Twitter Facebook Instagram Google+ Tumblr YouTube E-Mail WhatsApp Sign In Check Close snapchat
Exit Clear

‘Yoshi’s Woolly World’ is Crafted Serenity in Video Game Form

‘Yoshi’s Woolly World’ is Crafted Serenity in Video Game Form:

Everything in Yoshi’s Woolly World is fuzzy. The ground, the characters, the lighting—yarn will do that, no matter if it’s digital. Their pastel colors are comforting. All of the hopping and bopping carries an infinite niceness, placed in a realm of the serene where video games’ fascinations with weaponry and competition are removed. Yoshi isn’t in a rush and Woolly World’s “mellow” difficulty mode is a misnomer; all of Woolly World is mellow. Modern games often stack complex gameplay systems on top of other complex gameplay systems; Yoshi just jumps and throws yarn balls.

With Woolly World, Yoshi is butting in on Kirby’s space. Nintendo’s pink puffball yarned out in Kirby’s Epic Yarn, a 2008 gem for Nintendo’s Wii set in Patch Land. Kirby, morphed into an entanglement of yarn, whipped a sorcerer named Yin-Yarn and stitched Patch Land back together. Epic Yarn was adorable, like fluffy nursery decor given life.

Now it’s Yoshi’s turn to be that cleverly beautiful, graced with a visual pluckiness and backing from delicate piano keys. Both games play like gentle lullabies, delightful in their easiness and attractive in their quaintness. They’re seen through child-like vision—how could they not be? Ease of play is nostalgic, catchy stage themes recede into the vintage, and the aesthetic form feels built by physical hands.

“Death” in Woolly World is an adorable oops. The music doesn’t stop—no discordant themes play. How few games reach for such tranquility? Another Yoshi is waiting and a soft fade acts as a cushioned transition. All of those pitfalls are probably stacked with mattresses too.

Yoshi’s cute spectacle is made from ingenuity—and fuzz. Water is comprised of loose strands of blue yarn. Lava flows are orange scarves; reflective sequins give them a glow. Ice is clear, malleable crafting plastic. Clouds? Cotton balls, of course.


Woolly World reveals Nintendo’s Wii U as aesthetic-minded hardware, the console’s only defense. It’s “losing” a hardware battle, if sales numbers are the lone objective measurement. Sony’s PlayStation 4 doubles Nintendo’s install base. The Wii U is even set to be replaced in 2016 with a new Nintendo console, if the rumors are credible. Yet, squished between technical giants from Sony and Microsoft (dwarfing Wii U in processing prowess and physical size like corporate bullies), Nintendo’s hokey tablet console bests them both in scrappiness.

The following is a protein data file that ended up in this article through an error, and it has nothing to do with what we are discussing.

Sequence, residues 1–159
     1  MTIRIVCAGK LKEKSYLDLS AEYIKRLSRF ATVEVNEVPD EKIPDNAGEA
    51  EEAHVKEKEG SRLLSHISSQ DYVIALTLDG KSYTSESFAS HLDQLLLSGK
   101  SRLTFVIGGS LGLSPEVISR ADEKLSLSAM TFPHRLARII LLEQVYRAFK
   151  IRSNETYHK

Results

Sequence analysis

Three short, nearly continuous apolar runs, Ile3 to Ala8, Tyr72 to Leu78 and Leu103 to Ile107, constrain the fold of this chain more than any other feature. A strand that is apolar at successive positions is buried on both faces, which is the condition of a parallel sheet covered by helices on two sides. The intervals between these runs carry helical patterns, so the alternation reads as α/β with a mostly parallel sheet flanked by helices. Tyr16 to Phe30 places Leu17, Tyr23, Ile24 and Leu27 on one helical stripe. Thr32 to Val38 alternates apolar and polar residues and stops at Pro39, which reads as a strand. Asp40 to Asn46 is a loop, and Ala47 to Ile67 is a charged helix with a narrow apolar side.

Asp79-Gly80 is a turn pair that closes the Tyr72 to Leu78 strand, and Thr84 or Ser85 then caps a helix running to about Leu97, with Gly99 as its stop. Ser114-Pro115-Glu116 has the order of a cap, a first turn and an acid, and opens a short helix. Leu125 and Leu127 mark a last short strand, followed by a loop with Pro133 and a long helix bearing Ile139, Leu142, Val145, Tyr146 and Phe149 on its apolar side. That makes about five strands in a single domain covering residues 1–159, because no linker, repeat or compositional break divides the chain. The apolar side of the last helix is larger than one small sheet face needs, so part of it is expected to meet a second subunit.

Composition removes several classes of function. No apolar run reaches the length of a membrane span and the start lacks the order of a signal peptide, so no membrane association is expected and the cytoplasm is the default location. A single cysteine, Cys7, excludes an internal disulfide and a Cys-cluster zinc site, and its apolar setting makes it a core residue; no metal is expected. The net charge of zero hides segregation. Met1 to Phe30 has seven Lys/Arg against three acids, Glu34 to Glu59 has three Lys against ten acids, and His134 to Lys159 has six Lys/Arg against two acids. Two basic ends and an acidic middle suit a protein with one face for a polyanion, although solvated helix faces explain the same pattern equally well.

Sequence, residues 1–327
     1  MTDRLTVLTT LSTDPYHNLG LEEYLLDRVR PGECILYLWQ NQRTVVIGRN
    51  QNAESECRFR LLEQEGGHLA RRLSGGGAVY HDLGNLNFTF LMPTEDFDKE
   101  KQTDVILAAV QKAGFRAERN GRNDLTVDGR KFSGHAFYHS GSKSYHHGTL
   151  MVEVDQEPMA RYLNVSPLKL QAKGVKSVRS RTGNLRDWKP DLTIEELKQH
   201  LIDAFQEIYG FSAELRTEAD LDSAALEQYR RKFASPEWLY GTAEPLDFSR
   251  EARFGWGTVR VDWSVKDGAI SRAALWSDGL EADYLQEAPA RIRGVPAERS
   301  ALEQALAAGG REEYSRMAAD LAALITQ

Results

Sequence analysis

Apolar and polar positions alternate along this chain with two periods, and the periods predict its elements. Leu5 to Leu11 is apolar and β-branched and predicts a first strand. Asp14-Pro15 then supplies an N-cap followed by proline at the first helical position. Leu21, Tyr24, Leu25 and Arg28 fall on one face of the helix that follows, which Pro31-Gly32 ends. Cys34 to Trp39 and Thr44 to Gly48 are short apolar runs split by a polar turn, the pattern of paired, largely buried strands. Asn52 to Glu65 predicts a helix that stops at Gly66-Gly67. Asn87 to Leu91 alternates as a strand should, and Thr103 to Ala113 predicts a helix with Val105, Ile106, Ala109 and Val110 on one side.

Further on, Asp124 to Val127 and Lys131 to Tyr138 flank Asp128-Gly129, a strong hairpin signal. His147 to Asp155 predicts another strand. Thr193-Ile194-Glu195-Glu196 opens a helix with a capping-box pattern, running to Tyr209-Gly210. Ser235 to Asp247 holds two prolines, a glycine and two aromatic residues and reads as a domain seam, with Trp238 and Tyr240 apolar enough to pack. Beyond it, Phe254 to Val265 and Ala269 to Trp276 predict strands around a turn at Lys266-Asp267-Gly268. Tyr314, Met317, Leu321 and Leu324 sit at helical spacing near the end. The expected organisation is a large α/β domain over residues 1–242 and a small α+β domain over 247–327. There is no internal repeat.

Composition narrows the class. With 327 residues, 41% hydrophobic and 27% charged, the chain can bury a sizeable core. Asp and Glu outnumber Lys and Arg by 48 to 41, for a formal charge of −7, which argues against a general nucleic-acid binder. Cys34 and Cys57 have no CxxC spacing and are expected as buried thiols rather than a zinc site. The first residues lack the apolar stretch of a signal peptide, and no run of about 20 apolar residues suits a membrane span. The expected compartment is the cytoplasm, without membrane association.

The console has an unlikely capacity to showcase esoteric ideas. It has generated an abnormally action-driven Legend of Zelda game called Hyrule Warriors, where Link slashes thousands of foes at once as opposed to the reserved adventures the elven hero is normally found in. A bouncy and rotund Mario game called Super Mario 3D World brought in tight levels that mimicked the familiar 2D viewpoints of the past. A plucky adventurer searched for riches through rotating, square playsets in Captain Toad: Treasure Tracker.

And now a saga of wool forms. The odds appear insurmountable—except aesthetics can win hearts over realism. Wii U has aesthetics, like all of Nintendo’s consoles have.



Nintendo’s color palette and pixel graphics for the NES have become vintage pop art. So distinctive are those 8-bit blocks, fakes are readily spotted—either they show too much color, the wrong colors, or too fine of detail. Nerdy art company iam8bit spawned entire exhibits based on those ‘80s era looks.

Into the 16-bit Super Nintendo era, colors shined, reaching into a decade fond of neon and exploiting their brightness. Then Goldeneye’s blurry super spies and Star Wars’ sagas reigned on Nintendo 64. GameCube came to love color as popular World War II simulations on other platforms smeared screens in hues of brown—then Nintendo named one of their key Mario games Sunshine at a time when video games were avoiding rainbow hues. Then the Wii—muddy, but lovable. How personable the customized Miis were, in class with dazzling comic art (Wario Land: Shake It) and the plucky Kirby’s Epic Yarn. Wii U will be remembered as the artful idea machine.

Yoshi’s Woolly World is not new. It’s the same Nintendo, plucked from Mario’s famed Mushroom Kingdom locales (forests, lava, ice) with gameplay pawned from others (it’s the overdue and proper sequel to Super Nintendo’s Yoshi’s Island) and an antagonist who is nigh insignificant (screechy wizard Kamek, longtime villain and Bowser’s advisor). Craft Island, Wooly World’s setting, allows bobby pins, buttons, and fabrics to turn this all into a fanciful fairy tale. Those concepts make it seem renewed.

To play here is to relax. Stress free, worry free—assuming you ignore all the collectibles you’re meant to grab, which can induce some rage if taken too seriously. Smiling flowers and hidden yarn bundles seem devious in context and their locations are cruel. They’re not as mellow.

Otherwise, it has taken three decades for Bobby McFerrin’s 1988 sweet, catchy reggae ditty “Don’t Worry, Be Happy” to finally have true visual representation. It needed something light and inoffensive to match. Woolly World has a strange media bedfellow, but their attachment is bound in shared serenity.

Matt Paprocki has critiqued home media and video games for 15 years. His current passion project is the technically minded Follow him on Twitter @Matt_Paprocki.

RELATED: The Gamers Next Door Play ‘Call of Duty’ Zombies with OMGitsfirefoxx at The Playboy Mansion

Playboy Social